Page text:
Jewish heirs fight for sold Picasso painting when Nazis came to power


When the Nazi regime came to power in Germany and launched a campaign of terror against the country’s Jewish population, Karl Adler made a desperate escape plan.

He would flee Germany with his wife Rosa, according to court documents, and fly between the Netherlands, France and Switzerland while they waited to obtain a permanent visa for their final destination, Argentina. But every stopover along the way was costly, and a hefty Nazi flight tax on emigrating Jews had stripped Adler, once a successful businessman, of most of his wealth.

In 1938 war loomed and Adler reportedly had no choice but to sell a prized possession: a painting by Pablo Picasso.

The painting, a Blue Period portrait titled “Woman Ironing,” ultimately secured Adler’s passage to Argentina. Now, decades later, his family’s heirs want it back. A lawsuit filed Friday in the New York County Supreme Court alleges that the Guggenheim Museum in Manhattan, where the painting is on display, has wrongful possession of the Picasso as it was sold under duress from Nazi oppression, asking for restitution to Adler’s heirs.

“Adler would not have sold the painting for the time and price he did, but for the Nazi persecution to which he and his family had been and would still be subjected,” the lawsuit’s indictment alleges.

An attorney representing Adler’s heirs declined to comment on behalf of the plaintiffs. In a statement, the Guggenheim Foundation disputed the lawsuit’s claims.

“The Guggenheim has conducted extensive research and detailed investigation into this allegation, engaged in dialogue with plaintiffs’ attorneys over several years, and believes that the allegation is baseless,” the statement said.

Adler’s dilemma was common among emigrating Jews as they fled Nazi Germany, Netherlands-based art detective Arthur Brand told The Washington Post.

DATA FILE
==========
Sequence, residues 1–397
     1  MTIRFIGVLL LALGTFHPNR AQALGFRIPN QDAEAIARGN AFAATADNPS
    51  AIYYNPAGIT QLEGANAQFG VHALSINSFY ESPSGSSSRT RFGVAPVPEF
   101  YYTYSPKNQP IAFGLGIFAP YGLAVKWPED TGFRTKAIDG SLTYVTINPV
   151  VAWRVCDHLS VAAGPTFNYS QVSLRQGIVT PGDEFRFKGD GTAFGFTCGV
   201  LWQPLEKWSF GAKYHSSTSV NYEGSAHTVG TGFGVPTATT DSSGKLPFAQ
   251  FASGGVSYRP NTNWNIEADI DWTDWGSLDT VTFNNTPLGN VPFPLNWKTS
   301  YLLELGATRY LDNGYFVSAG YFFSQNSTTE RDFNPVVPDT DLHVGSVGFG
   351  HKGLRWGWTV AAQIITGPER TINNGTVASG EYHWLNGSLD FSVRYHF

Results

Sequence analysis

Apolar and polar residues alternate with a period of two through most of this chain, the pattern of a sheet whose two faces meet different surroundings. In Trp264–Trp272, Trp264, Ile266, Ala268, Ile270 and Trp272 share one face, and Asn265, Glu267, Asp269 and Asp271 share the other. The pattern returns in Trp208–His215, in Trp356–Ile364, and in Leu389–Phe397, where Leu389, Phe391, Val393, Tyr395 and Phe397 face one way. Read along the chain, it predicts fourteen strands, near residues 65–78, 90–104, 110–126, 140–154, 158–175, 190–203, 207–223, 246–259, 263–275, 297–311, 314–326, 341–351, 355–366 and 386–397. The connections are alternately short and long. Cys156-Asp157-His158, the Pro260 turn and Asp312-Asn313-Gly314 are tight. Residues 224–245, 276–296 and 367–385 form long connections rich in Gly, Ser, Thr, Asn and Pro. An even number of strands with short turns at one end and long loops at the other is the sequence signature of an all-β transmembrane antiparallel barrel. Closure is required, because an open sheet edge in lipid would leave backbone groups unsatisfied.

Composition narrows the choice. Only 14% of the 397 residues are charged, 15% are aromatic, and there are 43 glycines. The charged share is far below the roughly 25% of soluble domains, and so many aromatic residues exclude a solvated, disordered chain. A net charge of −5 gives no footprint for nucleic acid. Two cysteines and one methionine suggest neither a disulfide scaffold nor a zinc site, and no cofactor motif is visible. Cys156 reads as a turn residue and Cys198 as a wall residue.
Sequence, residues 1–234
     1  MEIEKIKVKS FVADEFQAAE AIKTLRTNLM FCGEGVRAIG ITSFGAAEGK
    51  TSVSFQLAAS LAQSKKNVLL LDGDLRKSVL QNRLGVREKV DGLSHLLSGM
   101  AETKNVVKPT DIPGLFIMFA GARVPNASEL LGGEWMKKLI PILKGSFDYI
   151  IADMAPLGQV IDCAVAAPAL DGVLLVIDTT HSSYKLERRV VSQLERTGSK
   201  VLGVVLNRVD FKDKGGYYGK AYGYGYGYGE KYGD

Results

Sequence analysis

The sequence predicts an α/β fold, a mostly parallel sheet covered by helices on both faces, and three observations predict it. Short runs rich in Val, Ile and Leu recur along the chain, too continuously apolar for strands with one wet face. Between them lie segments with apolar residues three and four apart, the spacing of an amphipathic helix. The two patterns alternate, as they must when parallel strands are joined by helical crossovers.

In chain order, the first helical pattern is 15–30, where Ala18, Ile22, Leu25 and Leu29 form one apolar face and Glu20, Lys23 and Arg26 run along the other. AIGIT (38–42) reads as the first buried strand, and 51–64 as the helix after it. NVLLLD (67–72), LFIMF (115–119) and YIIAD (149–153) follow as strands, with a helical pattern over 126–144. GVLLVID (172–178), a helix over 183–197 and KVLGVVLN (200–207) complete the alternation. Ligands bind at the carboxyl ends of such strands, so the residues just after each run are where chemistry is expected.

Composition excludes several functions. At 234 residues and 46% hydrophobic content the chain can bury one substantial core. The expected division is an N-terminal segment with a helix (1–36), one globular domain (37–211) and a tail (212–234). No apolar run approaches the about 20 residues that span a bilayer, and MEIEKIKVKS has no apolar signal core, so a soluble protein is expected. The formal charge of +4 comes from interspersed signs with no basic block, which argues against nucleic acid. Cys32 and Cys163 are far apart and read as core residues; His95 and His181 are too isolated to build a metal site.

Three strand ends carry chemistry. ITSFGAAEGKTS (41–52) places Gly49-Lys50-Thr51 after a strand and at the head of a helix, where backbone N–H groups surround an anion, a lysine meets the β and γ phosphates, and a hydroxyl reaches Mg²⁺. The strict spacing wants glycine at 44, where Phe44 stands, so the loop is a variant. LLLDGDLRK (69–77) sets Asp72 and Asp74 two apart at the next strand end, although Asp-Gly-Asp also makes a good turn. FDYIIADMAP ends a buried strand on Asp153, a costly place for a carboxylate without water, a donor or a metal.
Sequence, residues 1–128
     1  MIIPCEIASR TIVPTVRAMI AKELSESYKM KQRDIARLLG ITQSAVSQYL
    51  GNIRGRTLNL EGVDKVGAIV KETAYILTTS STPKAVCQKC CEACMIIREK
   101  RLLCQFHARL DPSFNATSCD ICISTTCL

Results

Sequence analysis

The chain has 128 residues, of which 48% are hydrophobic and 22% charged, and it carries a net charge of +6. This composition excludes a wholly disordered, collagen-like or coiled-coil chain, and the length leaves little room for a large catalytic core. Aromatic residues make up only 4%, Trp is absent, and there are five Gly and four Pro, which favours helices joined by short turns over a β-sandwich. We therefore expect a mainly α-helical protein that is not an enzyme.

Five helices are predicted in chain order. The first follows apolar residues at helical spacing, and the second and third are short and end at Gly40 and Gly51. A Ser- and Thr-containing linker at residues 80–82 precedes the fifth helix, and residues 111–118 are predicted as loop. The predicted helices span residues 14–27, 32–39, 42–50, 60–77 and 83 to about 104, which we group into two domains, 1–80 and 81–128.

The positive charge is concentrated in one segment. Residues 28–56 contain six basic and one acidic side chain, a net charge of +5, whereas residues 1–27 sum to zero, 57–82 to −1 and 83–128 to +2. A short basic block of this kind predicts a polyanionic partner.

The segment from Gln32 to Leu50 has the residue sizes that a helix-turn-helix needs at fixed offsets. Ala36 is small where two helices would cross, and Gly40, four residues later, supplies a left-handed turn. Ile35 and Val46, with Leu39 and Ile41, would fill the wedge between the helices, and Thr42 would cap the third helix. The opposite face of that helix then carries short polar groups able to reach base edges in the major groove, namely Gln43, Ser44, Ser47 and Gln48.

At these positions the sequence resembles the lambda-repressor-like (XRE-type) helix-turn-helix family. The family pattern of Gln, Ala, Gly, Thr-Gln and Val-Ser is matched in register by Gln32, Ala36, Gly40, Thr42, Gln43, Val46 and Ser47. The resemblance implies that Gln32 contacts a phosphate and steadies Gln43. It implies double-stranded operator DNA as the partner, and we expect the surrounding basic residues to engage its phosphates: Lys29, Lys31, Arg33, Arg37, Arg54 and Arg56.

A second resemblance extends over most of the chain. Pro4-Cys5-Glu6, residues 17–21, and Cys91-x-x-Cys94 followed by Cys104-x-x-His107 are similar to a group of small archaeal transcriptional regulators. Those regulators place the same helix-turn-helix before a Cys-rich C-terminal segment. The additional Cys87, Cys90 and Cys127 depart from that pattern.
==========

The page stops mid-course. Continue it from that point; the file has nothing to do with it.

“People always think, look, the Nazis [only] went into the houses of Jews, got their paintings, they stole from them and they sold it or whatever,” said Brand, who helps Jewish families find stolen artwork. “That’s not how the Nazis worked.”

In the early years of their regime, the Nazi government targeted Jews with a series of financial penalties and taxes, including a high wealth tax and an air passenger tax on the dozens of Jewish emigrants who left Germany to escape persecution. before Jewish emigration was banned in 1941. The lawsuit filed by Adler’s heirs also alleges that Adler incurred additional expenses when he paid for short-term visas to enter several European countries while awaiting a permanent visa to Argentina.

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According to the complaint, Adler sold his Picasso painting at a price well below market value. In 1931, according to the lawsuit, he estimated it at about $14,000. In 1938, he reportedly sold it to a Jewish collector in Paris, Justin Thannhauser, for about $1,500.

“Thannhauser, as a leading art dealer of Picasso, must have known that he purchased the painting for a ransom,” the suit alleges.